Monday, 25 February 2013

CDCs to create platforms to integrate existing and new citizens

By S Ramesh, Channel NewsAsia, 23 Feb 2013

Singapore's Community Development Councils (CDCs) plan to create platforms for new and existing citizens to come together to forge friendships.

The aim is also for them to have a better appreciation and understanding of one another.

In an interview with Channel NewsAsia, Dr Amy Khor, who is the Coordinating Mayor of the five CDCs, said one way will be to create interest groups that all would be keen to take part in.

The topic of integration has been in the air recently, especially during the debate on the White Paper on Population.

Sharing some of his experiences, North West CDC Mayor, Dr Teo Ho Pin said interest groups have been a successful way to integrate existing and new citizens.

Dr Teo said: "A very good example is brisk walking. The spin-off from there is once you provide a platform, a sustainable platform, where people can come together on a regular basis they will develop friendships and there will be bonding."

Central Singapore CDC Mayor Sam Tan added that Singaporeans have been forthcoming in welcoming their new friends. 

Mr Tan said: "Singaporeans actually are very generous and warm at heart, although some of us may not be expressive in expressing our warmth toward new comers and foreigners. But if you have time and when people work together on a certain meaningful project, you actually discover a lot of Singaporeans are actually kind hearted and they can be quite warm to other people."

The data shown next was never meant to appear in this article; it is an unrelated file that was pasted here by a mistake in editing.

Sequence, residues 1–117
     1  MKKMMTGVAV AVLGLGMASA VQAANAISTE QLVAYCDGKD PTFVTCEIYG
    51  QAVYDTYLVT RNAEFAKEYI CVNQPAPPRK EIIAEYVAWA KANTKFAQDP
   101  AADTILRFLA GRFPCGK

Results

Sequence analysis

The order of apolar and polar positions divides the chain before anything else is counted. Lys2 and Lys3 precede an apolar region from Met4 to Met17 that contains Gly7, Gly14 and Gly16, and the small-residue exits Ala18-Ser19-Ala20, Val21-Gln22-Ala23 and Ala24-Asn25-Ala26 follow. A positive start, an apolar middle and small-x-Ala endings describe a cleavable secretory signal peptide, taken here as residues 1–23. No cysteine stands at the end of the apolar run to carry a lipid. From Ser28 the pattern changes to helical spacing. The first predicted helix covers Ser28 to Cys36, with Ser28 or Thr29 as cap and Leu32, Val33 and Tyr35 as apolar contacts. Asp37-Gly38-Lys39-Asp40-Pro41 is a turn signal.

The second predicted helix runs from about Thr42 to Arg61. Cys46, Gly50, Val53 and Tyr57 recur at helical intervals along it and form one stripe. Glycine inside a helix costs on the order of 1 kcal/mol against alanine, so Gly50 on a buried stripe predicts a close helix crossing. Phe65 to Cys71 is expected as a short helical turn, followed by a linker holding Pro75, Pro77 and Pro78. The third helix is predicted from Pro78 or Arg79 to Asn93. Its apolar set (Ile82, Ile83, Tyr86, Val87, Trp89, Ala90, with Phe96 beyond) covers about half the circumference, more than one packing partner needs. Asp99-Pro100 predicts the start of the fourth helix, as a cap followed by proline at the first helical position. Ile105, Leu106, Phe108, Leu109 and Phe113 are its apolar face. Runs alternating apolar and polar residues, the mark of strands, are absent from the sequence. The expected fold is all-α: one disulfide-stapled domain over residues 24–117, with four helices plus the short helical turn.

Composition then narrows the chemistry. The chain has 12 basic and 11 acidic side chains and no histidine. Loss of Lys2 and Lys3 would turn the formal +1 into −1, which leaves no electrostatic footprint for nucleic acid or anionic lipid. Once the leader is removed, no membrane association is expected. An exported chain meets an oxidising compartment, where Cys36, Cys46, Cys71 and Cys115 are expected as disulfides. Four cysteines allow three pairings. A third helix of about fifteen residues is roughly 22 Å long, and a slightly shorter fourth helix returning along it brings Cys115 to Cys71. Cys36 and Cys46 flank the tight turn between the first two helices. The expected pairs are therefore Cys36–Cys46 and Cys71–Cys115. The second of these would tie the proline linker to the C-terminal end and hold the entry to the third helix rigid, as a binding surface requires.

But Dr Khor, who is also the mayor of Southwest CDC Mayor emphasised that integration is a "work-in-progress" and something which cannot be taken for granted.

"Many grassroots leaders in fact most of them do welcome the new citizens because they are a step forward to volunteer to help out in the grassroots organisations so I think many of them are accepting and are open to getting new citizens in their midst and working with them," explained Dr Khor.

She added: "But new citizens also must make effort to want to reach out and integrate with the community, to want to get to know to the locals better and forge friendships with them. So I think it is mutual. We hope that existing local Singaporeans will continue to be open and accepting of new citizens, new citizens must also put in effort to get to know Singaporeans."

Dr Khor added that constituencies can tap on funds such as the National Integration Fund to organise the programmes.

The CDCs said they are prepared to chip in with funding for programmes if needed.

Meanwhile, a spokesperson for the People's Association said the CDCs have no plans to tap on funding for this year.

One CDC that had tapped on the fund was North West CDC in 2010 for the 'Culture & Food Appreciation @ North West' programme.

The CDC received some S$8,000 from the National Integration Fund for the programme.

The programme aimed to integrate new citizens into Singapore's local culture by introducing them to a local culture and religion.

Held at the Jurong Bird Park, the programme attracted over 800 North West District residents.

Participants enriched their understanding of the rich unique cultures through traditional Malay dance performances, tried on the baju kurung and sarong kebaya, enjoyed Malay culinary delights and learnt how to make ketupat through hands-on sessions.

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